Noelle Acheson is a veteran of company analysis and a member of CoinDesk’s product team. The opinions expressed in this article are the author’s own.
The following article originally appeared in Institutional Crypto by CoinDesk, a free newsletter for institutional investors interested in cryptoassets, with news and views on crypto infrastructure delivered every Tuesday. Sign up here.
Coming from an organization so tied to the question of identity (whether real or not), it is surprising that Facebook’s Libra coin seems confused about its own.
The organization has chosen to brand Libra “a stable global cryptocurrency,” and the label “cryptocurrency” has been replicated by media around the world. Yet Libra is not a cryptocurrency.
Don’t get me wrong – those of us in the sector appreciate the global attention given to the concept since the announcement.
But in this case the definition matters beyond semantics: it will affect eventual use cases and regulatory treatment. It could also transform how investors view both stablecoins and blockchain-based securities going forward.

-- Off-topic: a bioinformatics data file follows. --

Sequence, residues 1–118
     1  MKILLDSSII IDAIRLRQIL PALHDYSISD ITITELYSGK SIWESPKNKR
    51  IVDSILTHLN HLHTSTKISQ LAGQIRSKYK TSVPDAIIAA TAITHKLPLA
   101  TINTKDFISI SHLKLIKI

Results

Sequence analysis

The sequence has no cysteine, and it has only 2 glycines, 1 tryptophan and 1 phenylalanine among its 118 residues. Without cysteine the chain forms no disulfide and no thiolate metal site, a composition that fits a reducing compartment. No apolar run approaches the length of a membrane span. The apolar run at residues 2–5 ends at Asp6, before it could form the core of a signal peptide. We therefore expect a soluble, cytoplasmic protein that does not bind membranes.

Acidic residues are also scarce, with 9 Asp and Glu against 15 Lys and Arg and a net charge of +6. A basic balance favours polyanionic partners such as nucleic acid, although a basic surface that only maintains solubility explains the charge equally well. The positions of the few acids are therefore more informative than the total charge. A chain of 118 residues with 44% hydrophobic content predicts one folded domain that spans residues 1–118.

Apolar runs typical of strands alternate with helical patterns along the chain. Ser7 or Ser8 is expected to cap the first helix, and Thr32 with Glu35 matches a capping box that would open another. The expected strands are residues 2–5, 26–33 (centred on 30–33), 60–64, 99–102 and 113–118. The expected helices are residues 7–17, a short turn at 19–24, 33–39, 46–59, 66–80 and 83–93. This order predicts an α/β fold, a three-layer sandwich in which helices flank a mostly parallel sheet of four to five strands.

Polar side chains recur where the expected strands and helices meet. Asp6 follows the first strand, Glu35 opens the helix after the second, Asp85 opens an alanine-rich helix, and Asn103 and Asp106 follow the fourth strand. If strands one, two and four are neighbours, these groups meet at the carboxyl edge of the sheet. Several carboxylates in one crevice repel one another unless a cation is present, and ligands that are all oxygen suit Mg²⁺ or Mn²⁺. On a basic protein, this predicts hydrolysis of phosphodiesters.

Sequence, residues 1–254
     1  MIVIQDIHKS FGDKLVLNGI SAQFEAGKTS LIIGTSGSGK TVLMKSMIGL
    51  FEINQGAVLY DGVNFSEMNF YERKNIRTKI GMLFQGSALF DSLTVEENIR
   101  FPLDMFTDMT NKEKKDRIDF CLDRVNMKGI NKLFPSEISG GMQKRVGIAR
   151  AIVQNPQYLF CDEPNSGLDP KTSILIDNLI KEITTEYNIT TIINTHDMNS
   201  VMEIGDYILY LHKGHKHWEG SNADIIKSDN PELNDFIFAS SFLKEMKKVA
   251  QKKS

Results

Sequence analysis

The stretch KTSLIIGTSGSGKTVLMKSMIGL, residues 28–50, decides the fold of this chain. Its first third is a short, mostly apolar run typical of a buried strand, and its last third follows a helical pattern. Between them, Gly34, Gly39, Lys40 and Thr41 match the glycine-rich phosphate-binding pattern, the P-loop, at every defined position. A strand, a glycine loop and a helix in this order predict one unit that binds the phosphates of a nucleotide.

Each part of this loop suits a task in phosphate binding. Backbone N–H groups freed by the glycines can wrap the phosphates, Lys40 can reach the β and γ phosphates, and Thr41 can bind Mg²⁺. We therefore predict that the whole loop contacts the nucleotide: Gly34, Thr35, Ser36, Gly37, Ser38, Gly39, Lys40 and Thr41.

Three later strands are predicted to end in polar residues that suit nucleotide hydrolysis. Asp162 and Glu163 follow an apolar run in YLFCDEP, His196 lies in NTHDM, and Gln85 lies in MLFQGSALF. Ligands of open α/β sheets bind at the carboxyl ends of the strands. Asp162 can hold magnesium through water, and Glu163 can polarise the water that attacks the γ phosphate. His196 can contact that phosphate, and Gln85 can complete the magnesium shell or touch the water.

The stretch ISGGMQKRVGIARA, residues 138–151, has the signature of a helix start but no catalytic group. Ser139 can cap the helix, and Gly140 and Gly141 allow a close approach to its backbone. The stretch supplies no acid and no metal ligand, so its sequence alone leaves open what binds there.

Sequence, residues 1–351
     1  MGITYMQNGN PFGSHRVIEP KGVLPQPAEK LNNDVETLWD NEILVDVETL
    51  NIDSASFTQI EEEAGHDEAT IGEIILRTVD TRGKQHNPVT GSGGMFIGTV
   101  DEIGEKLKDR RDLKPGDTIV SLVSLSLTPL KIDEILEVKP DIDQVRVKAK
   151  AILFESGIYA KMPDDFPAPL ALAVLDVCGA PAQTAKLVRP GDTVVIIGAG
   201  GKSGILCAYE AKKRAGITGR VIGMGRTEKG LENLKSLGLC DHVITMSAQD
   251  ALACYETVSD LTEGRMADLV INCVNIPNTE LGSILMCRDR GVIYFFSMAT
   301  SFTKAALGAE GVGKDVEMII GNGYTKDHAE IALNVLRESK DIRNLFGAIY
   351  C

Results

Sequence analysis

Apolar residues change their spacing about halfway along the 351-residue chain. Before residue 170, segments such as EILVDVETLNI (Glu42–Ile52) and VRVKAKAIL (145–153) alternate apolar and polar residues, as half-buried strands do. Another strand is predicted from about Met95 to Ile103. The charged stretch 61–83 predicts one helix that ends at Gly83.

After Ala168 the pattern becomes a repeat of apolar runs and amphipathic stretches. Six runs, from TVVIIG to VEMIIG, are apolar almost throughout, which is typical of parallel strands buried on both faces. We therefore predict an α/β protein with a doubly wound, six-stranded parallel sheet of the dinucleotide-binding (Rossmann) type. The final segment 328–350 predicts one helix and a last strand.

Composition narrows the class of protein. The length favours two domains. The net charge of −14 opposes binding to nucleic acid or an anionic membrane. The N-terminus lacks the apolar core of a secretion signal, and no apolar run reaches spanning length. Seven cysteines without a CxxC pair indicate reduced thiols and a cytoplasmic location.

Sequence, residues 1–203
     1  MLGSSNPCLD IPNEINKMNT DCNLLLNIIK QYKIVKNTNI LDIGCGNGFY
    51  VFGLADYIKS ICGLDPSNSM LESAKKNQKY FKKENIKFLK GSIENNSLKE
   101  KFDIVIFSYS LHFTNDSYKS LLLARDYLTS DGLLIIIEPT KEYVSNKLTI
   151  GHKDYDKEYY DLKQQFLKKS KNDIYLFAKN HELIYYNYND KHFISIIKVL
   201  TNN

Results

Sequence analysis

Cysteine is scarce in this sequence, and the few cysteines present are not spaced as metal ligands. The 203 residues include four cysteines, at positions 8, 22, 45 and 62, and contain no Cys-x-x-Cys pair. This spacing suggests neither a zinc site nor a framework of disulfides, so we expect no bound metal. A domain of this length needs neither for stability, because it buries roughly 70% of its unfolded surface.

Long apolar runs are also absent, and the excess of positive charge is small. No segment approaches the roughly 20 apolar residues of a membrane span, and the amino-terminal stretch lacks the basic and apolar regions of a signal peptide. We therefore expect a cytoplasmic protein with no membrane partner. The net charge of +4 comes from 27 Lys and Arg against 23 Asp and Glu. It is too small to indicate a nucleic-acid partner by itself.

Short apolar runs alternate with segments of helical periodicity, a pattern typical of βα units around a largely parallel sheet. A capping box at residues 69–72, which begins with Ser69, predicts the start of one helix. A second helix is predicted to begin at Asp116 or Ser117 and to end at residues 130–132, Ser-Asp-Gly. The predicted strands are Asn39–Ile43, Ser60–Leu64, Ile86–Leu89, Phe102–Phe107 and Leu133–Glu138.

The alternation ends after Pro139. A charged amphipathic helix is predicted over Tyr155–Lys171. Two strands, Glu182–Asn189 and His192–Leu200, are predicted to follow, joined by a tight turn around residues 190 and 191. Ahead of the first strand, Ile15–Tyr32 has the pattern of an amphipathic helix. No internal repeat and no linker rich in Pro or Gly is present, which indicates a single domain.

First, let’s look at why it’s not a cryptocurrency.
While definitions vary, one key characteristic of cryptocurrencies is their resistance to censorship. For this, they need to be “decentralized enough” to prevent any one group from deciding who gets to transact. Libra does not yet fulfill that criteria, and although the Foundation has said it plans to move towards a “more decentralized” system over time, doing so (or not) is entirely in its hands.
Furthermore, the value of a Libra coin is not created by the underlying technology, the market, math or however you choose to understand bitcoin and similar assets. It’s a digital representation of a basket of fiat currencies and other securities.
The only thing Libra coin has in common with cryptocurrencies is that they all move on a blockchain.